Ischemic Complications

On CT, the finding of a filiform true lumen and a large false lumen suggests one of the most dreaded complications of aortic dissection—namely, compression of the true lumen by an expanded false lumen55-58 (Figure 5.18). Compression may be static or dynamic, depending on whether the expanded false lumen is thrombosed or perfused. Branch vessel occlusion, occlusion of the distal aorta, and subsequent ischemia are the consequences. Accordingly, impairment of branch vessel perfusion can be static, dynamic, or both59-61. Static impairment has to be assumed if

• The dissection flap extends into the branch vessel with subsequent narrowing or occlusion of the branch (Figure 5.19),

• The branch vessel origins from a thrombosed false lumen, or

Aortic Dissection Static Occlusion

Figure 5.18. Axial contrast-enhanced CT images of a thrombosed false lumen (intramural hematoma), which compresses the true lumen at the level of the renal artery origins: (a) perfusion of the right renal artery (arrow) from the true lumen is maintained; (b) left renal artery origin is compressed (arrow), (note delayed enhancement of the left kidney consistent with impaired perfusion).

Figure 5.18. Axial contrast-enhanced CT images of a thrombosed false lumen (intramural hematoma), which compresses the true lumen at the level of the renal artery origins: (a) perfusion of the right renal artery (arrow) from the true lumen is maintained; (b) left renal artery origin is compressed (arrow), (note delayed enhancement of the left kidney consistent with impaired perfusion).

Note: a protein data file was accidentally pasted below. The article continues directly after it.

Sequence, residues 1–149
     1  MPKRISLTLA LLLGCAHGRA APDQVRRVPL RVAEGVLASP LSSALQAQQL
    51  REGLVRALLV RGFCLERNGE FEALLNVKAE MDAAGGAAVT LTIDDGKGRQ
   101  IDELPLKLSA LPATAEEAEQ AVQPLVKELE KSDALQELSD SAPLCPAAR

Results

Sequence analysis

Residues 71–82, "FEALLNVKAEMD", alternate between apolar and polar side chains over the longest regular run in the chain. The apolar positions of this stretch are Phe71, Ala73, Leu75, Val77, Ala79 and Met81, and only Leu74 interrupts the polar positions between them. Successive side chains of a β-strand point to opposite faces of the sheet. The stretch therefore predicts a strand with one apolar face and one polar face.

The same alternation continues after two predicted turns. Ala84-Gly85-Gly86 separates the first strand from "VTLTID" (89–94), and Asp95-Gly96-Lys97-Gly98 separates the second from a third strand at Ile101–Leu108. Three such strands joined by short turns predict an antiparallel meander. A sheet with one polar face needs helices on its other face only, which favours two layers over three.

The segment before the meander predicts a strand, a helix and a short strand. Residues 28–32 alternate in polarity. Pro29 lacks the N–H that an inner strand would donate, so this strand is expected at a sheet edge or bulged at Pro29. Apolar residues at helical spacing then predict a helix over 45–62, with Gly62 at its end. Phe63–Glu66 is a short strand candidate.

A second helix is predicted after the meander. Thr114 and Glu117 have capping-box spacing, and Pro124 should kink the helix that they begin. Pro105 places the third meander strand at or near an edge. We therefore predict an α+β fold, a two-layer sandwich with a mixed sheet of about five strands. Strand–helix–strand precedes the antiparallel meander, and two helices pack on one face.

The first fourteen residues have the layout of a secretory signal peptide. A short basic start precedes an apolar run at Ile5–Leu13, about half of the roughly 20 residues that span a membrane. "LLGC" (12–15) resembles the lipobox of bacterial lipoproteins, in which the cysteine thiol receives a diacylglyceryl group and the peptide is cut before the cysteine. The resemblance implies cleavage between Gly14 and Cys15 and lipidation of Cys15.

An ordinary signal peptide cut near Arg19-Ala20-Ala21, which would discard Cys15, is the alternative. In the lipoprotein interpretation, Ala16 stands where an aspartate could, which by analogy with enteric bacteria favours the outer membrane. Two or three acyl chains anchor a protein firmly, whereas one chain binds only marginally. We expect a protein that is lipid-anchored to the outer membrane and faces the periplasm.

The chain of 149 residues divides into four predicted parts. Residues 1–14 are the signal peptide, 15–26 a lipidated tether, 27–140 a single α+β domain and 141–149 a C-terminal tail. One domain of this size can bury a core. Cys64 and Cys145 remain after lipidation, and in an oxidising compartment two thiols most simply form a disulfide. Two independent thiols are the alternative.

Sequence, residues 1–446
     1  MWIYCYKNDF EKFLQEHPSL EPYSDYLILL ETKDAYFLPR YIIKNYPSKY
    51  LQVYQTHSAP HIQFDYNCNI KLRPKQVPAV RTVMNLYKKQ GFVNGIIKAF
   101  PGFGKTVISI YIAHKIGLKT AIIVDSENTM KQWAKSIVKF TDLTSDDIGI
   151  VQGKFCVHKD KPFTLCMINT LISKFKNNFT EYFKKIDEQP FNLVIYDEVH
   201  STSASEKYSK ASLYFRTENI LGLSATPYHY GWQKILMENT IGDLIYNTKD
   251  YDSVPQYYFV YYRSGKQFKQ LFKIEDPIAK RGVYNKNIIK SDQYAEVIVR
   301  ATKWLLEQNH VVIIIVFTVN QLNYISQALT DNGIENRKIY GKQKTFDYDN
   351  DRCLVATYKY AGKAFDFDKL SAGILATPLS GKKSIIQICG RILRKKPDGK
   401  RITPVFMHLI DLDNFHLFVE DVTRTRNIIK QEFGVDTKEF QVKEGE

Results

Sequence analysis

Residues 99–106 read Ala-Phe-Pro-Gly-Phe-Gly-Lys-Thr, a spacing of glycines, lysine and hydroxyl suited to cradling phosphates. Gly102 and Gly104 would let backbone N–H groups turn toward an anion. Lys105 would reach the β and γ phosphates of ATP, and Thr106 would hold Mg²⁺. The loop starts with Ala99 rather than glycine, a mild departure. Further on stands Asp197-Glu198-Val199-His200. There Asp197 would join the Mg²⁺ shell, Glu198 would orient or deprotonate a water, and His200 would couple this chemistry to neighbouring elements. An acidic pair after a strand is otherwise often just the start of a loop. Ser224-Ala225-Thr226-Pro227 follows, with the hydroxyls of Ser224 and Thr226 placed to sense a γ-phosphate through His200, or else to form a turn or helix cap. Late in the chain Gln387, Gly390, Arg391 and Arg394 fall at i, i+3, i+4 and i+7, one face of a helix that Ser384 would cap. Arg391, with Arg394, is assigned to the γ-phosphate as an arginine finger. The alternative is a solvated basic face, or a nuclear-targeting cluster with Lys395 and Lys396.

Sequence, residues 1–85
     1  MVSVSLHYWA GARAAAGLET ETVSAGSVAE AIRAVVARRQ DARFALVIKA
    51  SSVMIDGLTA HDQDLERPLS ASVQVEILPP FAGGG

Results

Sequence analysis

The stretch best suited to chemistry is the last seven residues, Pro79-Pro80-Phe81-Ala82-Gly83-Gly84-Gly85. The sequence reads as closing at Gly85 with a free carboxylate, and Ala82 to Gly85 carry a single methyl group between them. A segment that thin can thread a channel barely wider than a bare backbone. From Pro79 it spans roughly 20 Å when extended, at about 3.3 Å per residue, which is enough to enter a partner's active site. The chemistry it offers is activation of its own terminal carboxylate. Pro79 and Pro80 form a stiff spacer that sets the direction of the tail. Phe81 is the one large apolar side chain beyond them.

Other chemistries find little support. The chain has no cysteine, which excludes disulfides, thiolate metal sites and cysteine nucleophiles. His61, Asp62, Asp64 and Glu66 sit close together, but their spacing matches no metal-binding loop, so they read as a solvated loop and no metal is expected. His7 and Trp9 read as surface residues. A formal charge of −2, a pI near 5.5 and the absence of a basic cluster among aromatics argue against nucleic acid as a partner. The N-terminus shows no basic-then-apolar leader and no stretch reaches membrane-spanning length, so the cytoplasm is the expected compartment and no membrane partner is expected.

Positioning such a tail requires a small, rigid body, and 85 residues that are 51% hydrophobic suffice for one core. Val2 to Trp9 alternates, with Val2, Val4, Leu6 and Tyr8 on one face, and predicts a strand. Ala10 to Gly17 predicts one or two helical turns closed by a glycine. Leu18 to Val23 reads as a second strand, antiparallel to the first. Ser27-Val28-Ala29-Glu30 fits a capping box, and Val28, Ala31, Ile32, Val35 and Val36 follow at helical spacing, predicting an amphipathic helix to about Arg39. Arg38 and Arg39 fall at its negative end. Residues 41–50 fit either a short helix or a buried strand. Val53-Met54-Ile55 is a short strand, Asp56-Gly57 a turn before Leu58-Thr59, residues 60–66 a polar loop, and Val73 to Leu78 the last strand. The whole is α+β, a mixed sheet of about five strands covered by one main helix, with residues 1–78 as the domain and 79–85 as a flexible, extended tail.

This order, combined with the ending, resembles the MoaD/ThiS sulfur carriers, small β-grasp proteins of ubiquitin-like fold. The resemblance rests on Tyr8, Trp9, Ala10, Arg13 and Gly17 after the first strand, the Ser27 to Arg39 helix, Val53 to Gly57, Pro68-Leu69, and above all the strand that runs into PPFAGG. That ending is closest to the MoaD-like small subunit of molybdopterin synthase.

Figure 5.19. Axial contrast-enhanced CT image of aortic dissection with largely thrombosed false lumen (black arrow) and extension of the dissection into the right renal artery. The white arrow indicates the dissection flap in the right renal artery. There was diminished perfusion of the right kidney (not shown).

Figure 5.19. Axial contrast-enhanced CT image of aortic dissection with largely thrombosed false lumen (black arrow) and extension of the dissection into the right renal artery. The white arrow indicates the dissection flap in the right renal artery. There was diminished perfusion of the right kidney (not shown).

• The true lumen is compressed by an expanded and thrombosed false lumen (Figure 5.18b).

Dynamic impairment of branch vessel perfusion can occur if the dissection flap is located close to the origin of the branch vessel and covers its origin

Figure 5.20. Axial contrast-enhanced image of traumatic type B dissection with rupture in patient with motor vehicle accident. Black arrow indicates dissection flap in the descending thoracic aorta. High attenuation of the mediastinum is consistent with hemo-mediastinum (white arrow). Black arrowhead indicates high attenuation pleural fluid consistent with hemothorax. White arrowhead indicates chest tube.

Figure 5.20. Axial contrast-enhanced image of traumatic type B dissection with rupture in patient with motor vehicle accident. Black arrow indicates dissection flap in the descending thoracic aorta. High attenuation of the mediastinum is consistent with hemo-mediastinum (white arrow). Black arrowhead indicates high attenuation pleural fluid consistent with hemothorax. White arrowhead indicates chest tube.

like a curtain59. This may be the case if the true lumen is compressed by an expanded but perfused false lumen.

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  • lavinia
    What are ischemic complications of aotric dissection?
    8 years ago

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